I won’t get into the weeds of why this subject is relevant, because we all, hopefully, know that this year’s election is very important. The American midterm elections occur on November 8, meaning that all 435 seats in the House of Representatives and 35 of the 100 seats in the Senate will be examined. These results will determine the 199th United States Congress, and will likely affect issues such as abortion, immigration, gun laws, and the economy.
And while the season of voting can stir up an ubiquitous sense of inevitable dread, it’s also a time when political cartoons are at their peak. Today, in honor of the upcoming midterm elections (VOTE!), I’m sharing five political cartoon accounts that just might shed light on a perspective you’ve never thought about.
Niccolo P. | @superingat
Niccolo Pizarro is a cartoonist and designer from Queens, New York who runs two webcomics: Super Ingat! and Moonshot. The work you’ll find on Pizarro’s account is seemingly inspired by a blend of ’80s anime aesthetics and modernized pixel art. It feels fresh and accessible while highlighting a remarkable combination of original expertise. While Pizarro’s work isn’t highly provocative, it does push back at societal “norms” by inspiring readers to consider its standards.
Mattie Lubchansky | @mattielubchansky
Mattie Lubchansky is a cartoonist most often featured on The Nib, and a good amount of their work strikes a delicate balance between lighthearted and heavy-hitting. They love to play with surreal, sci fi-inspired concepts, and have a knack for making dystopia feel at least a little funny. Their work is thought-provoking from all angles and rewards close inspection, often creating jokes about jokes in previous panels. Lubchansky’s comics draw you in with an approachable style, with messaging likely to leave you thinking long after the fact.
Derek Ballard | @derekmballard
This Mobile, Alabama cartoonist has lived an intriguing life, created storyboards for Adventure Time, and worked for clients like Netflix and HBOMax, amongst other significant projects. His resume is quite impressive, and his Instagram feed does a great job of visually highlighting his expertise. Each post within his feed is a black-and-white sketch that feels like a peek into the mastermind’s brain. There’s an admirable consistency to the lines and silhouettes of his cartoons, and his imaginative shaping definitely differentiates his work from other artists. He covers a range of topics well, but I especially appreciate his contempt for the American education system.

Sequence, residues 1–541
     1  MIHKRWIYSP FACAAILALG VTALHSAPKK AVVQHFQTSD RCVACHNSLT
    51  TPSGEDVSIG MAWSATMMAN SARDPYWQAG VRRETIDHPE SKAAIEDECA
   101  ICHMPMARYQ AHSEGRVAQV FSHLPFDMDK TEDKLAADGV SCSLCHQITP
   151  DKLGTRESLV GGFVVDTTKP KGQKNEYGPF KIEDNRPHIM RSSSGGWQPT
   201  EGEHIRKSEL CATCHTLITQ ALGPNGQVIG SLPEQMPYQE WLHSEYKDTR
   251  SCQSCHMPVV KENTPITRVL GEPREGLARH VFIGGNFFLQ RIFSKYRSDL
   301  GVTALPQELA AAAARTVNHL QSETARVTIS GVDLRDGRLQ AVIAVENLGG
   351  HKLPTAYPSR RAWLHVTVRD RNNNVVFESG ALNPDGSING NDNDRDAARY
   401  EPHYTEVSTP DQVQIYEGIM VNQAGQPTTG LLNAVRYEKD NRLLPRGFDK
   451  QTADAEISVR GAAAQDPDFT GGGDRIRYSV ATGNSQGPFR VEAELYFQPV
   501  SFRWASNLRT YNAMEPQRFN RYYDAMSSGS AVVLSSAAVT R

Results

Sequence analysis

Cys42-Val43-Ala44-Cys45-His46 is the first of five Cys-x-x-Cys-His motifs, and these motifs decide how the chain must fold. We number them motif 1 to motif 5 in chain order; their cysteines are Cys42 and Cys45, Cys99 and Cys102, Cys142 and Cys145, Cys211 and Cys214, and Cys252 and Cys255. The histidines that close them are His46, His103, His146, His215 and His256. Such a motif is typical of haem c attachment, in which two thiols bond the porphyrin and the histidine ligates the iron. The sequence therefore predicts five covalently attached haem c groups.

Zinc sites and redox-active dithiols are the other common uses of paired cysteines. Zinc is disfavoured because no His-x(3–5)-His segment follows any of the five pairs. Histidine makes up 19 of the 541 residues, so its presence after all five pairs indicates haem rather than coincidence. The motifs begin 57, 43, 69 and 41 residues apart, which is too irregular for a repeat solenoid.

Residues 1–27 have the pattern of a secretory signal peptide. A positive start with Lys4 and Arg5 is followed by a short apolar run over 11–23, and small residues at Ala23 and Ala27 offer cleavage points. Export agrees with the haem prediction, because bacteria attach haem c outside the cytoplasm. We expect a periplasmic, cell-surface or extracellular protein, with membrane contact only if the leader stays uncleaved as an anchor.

Eli Valley | @elivalley
Eli Valley makes the kind of political cartoons that get under your skin and stay there. He’s well-known for challenging, often vulgar work that comes off like nightmare caricatures, stretching public figures into grotesque, exaggerated versions of themselves. While Valley’s satire is intense, his aim is true, with a purposeful ugliness that makes powerful statements against hate speech, callous politicians, and the rising tide of fascism. His work is not for the faint of heart, but serves as a welcome reminder that sometimes art should be provocative.
Jen Sorensen | @jen_sorensen
Jen Sorensen’s comics and illustrations have been featured in many publications, including The Nation, NPR.org, Ms. Magazine, The Progressive, Politico, Daily Kos, Fusion, The Nib, Truthout, MAD, and The Los Angeles Times. She’s also won numerous awards, and was a Pulitzer Finalist in Editorial Cartooning in 2017. Sorensen’s Instagram account is clever, engaging, and makes complex headlines feel a bit more digestible.